Excess fat in the body has always been the culprit for a wide variety of metabolic conditions, including type 2 diabetes. Yet, recent studies have clearly shown that the amount of body fat is not to be blamed alone for that.
A recent study that was conducted by a team of researchers in the Uppsala University of Sweden has revealed that it is all about where the accumulation of the fat occurs – not the amount of fat, which determines the risk factor for diabetes, particularly for women.
For instance, accumulation of fat around the organs and the intestines, which is called visceral fat, is an extremely crucial factor, which significantly raises type 2 diabetes risk more so for the females.
The team, which was co-headed by Prof. Torgisson, Ph.D., studied a database comprising of 325,153 individuals. The samples were provided by UK Biobank.
Visceral fat cannot be seen. Hence, it is quite difficult to ascertain the amount of visceral fat that the body ha stored. To detect visceral fat, expensive tests like CT and MRI scans or dual-energy X-Ray Absorptiometry.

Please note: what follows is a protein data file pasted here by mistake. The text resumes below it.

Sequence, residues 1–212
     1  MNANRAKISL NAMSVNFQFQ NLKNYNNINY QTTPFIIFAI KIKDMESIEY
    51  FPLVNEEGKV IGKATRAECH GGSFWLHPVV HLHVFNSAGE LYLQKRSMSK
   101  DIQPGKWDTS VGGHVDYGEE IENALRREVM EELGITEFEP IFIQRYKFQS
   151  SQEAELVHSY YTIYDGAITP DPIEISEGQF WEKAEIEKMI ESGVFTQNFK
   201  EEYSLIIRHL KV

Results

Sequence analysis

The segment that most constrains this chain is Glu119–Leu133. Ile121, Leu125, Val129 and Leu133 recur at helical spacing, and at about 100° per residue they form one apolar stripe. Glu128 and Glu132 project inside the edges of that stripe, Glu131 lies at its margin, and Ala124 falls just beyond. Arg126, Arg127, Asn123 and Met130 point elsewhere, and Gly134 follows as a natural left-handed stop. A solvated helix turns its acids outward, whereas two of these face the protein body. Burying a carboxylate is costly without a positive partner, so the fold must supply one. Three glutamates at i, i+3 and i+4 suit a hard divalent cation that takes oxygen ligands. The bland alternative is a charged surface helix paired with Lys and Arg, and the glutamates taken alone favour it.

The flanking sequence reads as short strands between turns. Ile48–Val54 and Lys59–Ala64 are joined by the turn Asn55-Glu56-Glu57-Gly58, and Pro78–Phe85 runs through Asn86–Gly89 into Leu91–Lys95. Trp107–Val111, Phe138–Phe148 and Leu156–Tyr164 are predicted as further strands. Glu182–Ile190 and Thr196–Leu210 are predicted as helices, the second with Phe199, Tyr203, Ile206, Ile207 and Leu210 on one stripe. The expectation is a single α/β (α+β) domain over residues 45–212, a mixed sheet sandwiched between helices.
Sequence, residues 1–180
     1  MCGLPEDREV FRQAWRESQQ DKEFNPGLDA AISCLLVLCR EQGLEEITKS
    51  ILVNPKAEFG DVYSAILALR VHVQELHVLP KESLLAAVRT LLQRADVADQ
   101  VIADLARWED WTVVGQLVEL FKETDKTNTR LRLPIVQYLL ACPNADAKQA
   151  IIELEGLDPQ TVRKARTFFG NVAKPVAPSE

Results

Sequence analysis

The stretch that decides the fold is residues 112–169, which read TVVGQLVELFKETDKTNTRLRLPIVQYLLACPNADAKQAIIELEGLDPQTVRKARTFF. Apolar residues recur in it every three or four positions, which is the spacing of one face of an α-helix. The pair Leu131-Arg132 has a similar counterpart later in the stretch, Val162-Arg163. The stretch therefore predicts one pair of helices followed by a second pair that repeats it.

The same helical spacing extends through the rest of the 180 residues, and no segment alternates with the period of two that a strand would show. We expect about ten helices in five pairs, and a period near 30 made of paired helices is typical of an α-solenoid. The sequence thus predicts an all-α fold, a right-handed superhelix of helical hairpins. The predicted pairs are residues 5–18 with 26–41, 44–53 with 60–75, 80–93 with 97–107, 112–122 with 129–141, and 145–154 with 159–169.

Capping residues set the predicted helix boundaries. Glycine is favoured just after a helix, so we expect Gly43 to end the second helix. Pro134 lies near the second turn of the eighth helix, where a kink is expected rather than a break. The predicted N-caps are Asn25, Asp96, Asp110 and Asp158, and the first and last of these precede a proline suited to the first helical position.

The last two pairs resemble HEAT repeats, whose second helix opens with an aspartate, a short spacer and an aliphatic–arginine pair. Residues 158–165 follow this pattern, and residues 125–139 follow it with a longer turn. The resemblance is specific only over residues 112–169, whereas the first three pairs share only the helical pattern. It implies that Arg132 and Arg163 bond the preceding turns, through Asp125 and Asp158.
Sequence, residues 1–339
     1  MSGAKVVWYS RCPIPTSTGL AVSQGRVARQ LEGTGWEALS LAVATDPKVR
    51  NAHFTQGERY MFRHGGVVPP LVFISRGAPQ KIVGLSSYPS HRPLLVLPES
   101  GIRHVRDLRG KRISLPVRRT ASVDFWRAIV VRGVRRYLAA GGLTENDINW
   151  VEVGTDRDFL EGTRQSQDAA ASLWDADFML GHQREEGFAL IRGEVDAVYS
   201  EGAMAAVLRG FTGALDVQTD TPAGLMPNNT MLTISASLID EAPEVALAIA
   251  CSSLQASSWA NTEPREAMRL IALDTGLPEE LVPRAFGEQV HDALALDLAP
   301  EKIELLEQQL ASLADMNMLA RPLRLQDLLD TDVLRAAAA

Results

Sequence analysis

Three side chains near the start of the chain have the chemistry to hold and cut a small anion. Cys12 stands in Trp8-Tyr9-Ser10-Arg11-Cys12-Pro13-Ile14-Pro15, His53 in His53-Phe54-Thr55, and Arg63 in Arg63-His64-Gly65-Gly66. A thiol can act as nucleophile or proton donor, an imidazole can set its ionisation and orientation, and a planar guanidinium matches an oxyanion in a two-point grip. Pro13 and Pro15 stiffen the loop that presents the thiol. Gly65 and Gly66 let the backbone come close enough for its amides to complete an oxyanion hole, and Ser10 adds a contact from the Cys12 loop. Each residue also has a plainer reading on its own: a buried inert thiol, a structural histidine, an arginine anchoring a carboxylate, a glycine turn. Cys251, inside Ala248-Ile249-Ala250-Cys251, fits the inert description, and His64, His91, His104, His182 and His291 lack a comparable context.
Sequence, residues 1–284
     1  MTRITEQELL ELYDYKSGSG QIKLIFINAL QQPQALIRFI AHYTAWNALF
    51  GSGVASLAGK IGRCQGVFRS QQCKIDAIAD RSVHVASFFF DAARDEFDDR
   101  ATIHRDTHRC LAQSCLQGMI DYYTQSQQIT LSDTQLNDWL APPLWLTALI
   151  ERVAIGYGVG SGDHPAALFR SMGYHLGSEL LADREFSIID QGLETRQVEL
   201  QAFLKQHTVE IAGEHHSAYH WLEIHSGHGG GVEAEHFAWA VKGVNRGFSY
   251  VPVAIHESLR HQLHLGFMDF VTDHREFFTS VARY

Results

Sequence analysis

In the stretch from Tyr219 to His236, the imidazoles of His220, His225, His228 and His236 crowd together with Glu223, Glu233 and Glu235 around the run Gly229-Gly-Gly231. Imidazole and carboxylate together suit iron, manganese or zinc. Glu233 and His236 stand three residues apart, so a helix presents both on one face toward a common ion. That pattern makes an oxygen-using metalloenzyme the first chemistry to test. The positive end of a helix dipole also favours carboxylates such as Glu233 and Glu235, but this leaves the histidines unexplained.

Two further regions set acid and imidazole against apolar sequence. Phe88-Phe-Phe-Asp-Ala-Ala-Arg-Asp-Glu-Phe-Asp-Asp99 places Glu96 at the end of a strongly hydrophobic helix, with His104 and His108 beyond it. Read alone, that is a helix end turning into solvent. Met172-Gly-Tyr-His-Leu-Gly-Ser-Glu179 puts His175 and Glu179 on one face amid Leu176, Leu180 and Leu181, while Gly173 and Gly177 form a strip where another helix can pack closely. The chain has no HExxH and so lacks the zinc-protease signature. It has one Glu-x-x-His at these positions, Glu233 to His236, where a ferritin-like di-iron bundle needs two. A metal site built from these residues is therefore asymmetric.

The researchers have come up with a much easier, much cheaper mechanism of estimating visceral fat. This has helped to carry out further analyses and ascertain the way this variety of fat affects the health and heighten risk factors.
After estimating the amount of visceral fat, the researchers carried out a genome-wide association analysis. It allowed them to conclude that visceral fat is the principal risk factor for heart attack, angina, hypertension, and hyperlipidemia and of course, type-2 diabetes.
Explaining their findings, Prof. Åsa Johansson, an associate professor at Uppsala University told that chances of type-2 diabetes increases 7 times in women, by just adding 1 Kg. visceral fat. However, that same quantity of fat in case of men will increase the probability by just 2 times.